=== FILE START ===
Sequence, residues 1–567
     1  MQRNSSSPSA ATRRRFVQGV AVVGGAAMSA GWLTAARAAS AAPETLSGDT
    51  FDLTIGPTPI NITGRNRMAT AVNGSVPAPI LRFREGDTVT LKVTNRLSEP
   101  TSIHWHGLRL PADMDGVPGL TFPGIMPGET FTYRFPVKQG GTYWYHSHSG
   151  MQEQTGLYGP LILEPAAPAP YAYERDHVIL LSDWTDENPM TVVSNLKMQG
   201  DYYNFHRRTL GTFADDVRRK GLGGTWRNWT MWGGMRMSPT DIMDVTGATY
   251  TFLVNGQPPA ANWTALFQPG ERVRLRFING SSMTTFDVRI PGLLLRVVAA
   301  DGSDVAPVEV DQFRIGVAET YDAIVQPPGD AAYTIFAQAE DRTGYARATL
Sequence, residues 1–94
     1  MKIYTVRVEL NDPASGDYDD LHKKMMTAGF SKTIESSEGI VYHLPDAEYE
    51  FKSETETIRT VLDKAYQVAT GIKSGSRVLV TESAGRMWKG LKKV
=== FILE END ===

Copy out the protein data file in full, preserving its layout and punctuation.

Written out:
Sequence, residues 1–567
     1  MQRNSSSPSA ATRRRFVQGV AVVGGAAMSA GWLTAARAAS AAPETLSGDT
    51  FDLTIGPTPI NITGRNRMAT AVNGSVPAPI LRFREGDTVT LKVTNRLSEP
   101  TSIHWHGLRL PADMDGVPGL TFPGIMPGET FTYRFPVKQG GTYWYHSHSG
   151  MQEQTGLYGP LILEPAAPAP YAYERDHVIL LSDWTDENPM TVVSNLKMQG
   201  DYYNFHRRTL GTFADDVRRK GLGGTWRNWT MWGGMRMSPT DIMDVTGATY
   251  TFLVNGQPPA ANWTALFQPG ERVRLRFING SSMTTFDVRI PGLLLRVVAA
   301  DGSDVAPVEV DQFRIGVAET YDAIVQPPGD AAYTIFAQAE DRTGYARATL
Sequence, residues 1–94
     1  MKIYTVRVEL NDPASGDYDD LHKKMMTAGF SKTIESSEGI VYHLPDAEYE
    51  FKSETETIRT VLDKAYQVAT GIKSGSRVLV TESAGRMWKG LKKV